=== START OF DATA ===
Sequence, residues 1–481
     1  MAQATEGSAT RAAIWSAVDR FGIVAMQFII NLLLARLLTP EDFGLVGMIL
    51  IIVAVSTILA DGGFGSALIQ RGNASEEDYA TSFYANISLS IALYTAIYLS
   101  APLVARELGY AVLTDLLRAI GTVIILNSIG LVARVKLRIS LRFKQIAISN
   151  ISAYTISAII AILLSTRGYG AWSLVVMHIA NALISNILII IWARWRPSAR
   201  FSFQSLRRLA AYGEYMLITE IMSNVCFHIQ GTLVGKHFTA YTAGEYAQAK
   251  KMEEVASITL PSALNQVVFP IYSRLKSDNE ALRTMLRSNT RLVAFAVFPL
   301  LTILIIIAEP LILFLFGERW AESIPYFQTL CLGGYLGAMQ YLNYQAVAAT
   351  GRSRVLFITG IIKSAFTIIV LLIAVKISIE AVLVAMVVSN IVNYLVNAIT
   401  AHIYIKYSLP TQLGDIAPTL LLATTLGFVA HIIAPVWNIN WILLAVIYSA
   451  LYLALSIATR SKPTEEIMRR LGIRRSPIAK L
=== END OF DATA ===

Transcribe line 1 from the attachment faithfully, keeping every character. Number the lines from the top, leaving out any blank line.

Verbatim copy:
Sequence, residues 1–481